# i want to know about how to calculate Value at Risk (VaR) if somebody know about it pls guide me with examples

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- Anonymous1 decade agoFavorite Answer
In the following, return means percentage change in value.

A variety of models exist for estimating VaR. Each model has its own set of assumptions, but the most common assumption is that historical market data is our best estimator for future changes. Common models include:

(a) variance-covariance (VCV), assuming that risk factor returns are always (jointly) normally distributed and that the change in portfolio value is linearly dependent on all risk factor returns,

(b) the historical simulation, assuming that asset returns in the future will have the same distribution as they had in the past (historical market data),

(c) Monte Carlo simulation, where future asset returns are more or less randomly simulated

The variance-covariance, or delta-normal, model was popularized by J.P Morgan (now J.P. Morgan Chase) in the early 1990s when they published the RiskMetrics Technical Document. In the following, we will take the simple case, where the only risk factor for the portfolio is the value of the assets themselves. The following two assumptions enable to translate the VaR estimation problem into a linear algebraic problem:

(1) The portfolio is composed of assets whose deltas are linear, more exactly: the change in the value of the portfolio is linearly dependent on (i.e. is a linear combination of) all the changes in the values of the assets, so that also the portfolio return is linearly dependent on all the asset returns.

(2) The asset returns are jointly normally distributed.

The implication of (1) and (2) is that the portfolio return is normally distributed because it always holds that a linear combination of jointly normally distributed variables is itself normally distributed.

We will use the following notation:

means “of the return on asset i“ (for σ and μ) and "of asset i" (otherwise)

means “of the return on the portfolio” (for σ and μ) and "of the portfolio" (otherwise)

all returns are returns over the holding period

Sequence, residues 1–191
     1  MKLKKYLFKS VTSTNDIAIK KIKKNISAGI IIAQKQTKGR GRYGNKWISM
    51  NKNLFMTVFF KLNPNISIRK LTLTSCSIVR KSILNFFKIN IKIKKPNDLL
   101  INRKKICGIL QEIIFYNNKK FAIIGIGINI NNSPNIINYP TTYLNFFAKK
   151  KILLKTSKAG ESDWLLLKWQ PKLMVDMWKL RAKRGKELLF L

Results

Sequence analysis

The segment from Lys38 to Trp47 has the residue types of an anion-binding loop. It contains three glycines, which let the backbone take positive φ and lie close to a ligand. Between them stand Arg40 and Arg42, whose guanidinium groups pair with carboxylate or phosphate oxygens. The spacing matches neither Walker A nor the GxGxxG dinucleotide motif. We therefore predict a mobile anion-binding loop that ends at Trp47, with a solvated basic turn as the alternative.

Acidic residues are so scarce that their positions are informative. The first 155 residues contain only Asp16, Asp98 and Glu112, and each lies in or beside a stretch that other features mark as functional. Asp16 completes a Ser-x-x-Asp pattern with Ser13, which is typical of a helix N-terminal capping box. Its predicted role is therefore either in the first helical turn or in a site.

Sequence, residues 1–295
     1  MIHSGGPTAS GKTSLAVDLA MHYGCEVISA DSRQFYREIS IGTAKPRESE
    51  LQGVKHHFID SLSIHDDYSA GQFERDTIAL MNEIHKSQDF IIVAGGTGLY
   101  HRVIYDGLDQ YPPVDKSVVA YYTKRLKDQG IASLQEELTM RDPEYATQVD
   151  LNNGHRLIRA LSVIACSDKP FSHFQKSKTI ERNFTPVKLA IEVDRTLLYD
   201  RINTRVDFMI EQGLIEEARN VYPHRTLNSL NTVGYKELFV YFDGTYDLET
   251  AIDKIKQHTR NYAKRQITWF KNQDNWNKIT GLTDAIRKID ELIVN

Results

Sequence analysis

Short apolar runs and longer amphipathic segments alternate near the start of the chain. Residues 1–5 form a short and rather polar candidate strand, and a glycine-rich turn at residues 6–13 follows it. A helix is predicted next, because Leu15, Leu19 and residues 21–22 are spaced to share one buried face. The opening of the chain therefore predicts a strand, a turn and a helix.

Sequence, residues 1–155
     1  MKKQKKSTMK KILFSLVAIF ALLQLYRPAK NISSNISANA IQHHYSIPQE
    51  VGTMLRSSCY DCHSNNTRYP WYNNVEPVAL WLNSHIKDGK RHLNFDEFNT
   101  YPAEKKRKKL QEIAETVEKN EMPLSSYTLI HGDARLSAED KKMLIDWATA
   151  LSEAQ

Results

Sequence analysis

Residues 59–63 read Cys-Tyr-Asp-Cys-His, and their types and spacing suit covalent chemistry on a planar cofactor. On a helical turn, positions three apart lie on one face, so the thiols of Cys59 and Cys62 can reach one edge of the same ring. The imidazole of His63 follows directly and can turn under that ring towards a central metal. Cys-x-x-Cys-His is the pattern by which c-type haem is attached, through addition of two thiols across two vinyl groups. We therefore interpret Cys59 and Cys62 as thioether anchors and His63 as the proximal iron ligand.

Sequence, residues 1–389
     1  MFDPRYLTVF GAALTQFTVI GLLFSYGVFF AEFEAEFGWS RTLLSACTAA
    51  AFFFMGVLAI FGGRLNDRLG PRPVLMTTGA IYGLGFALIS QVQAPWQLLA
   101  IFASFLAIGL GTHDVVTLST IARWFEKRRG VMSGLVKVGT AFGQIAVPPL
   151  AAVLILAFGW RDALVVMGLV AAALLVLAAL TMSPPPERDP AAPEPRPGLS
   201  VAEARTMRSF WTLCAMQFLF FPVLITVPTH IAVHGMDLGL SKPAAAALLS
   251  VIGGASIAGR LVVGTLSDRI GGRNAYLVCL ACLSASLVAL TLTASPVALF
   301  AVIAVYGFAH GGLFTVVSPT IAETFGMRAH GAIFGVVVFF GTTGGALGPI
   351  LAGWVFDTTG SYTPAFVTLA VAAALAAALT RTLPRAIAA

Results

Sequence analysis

there are N assets

μ= expected value, i. e. mean

σ = standard deviation

V = initial value (in currency units)

= vector of all ωi (T means transposed)

= covariance matrix = matrix of covariances between all N asset returns, i. e. an NxN matrix

The calculation goes as follows.

(i)

(ii)

The normality assumption allows us to z-scale the calculated portfolio standard deviation to the appropriate confidence level. So for the 95% confidence level VaR we get:

(iii)

The benefits of the variance-covariance model are the use of a more compact and maintainable data set which can often be bought from third parties, and the speed of calculation using optimized linear algebra libraries. Drawbacks include the assumption that the portfolio is composed of assets whose delta is linear, and the assumption of a normal distribution of asset returns (i. e. market price returns).

Historical simulation is the simplest and most transparent method of calculation. This involves running the current portfolio across a set of historical price changes to yield a distribution of changes in portfolio value, and computing a percentile (the VaR). The benefits of this method are its simplicity to implement, and the fact that it does not assume a normal distribution of asset returns. Drawbacks are the requirement for a large market database, and the computationally intensive calculation.

Monte Carlo simulation is conceptually simple, but is generally computationally more intensive than the methods described above. The generic MC VaR calculation goes as follows:

Decide on N, the number of iterations to perform.

For each iteration:

Generate a random scenario of market moves using some market model.

Revalue the portfolio under the simulated market scenario.

Compute the portfolio profit or loss (PnL) under the simulated scenario. (i.e. subtract the current market value of the portfolio from the market value of the portfolio computed in the previous step).

Sort the resulting PnLs to give us the simulated PnL distribution for the portfolio.

VaR at a particular confidence level is calculated using the percentile function. For example, if we computed 5000 simulations, our estimate of the 95% percentile would correspond to the 250th largest loss, i.e. (1 - 0.95) * 5000.

Note that we can compute an error term associated with our estimate of VaR and this error will decrease as the number of iterations increases.

Monte Carlo simulation is generally used to compute VaR for portfolios containing securities with non-linear returns (e.g. options) since the computational effort required is non-trivial. Note that for portfolios without these complicated securities, such as a portfolio of stocks, the variance-covariance method is perfectly suitable and should probably be used instead. Also note that MC VaR is subject to model risk if the market model is not correct.

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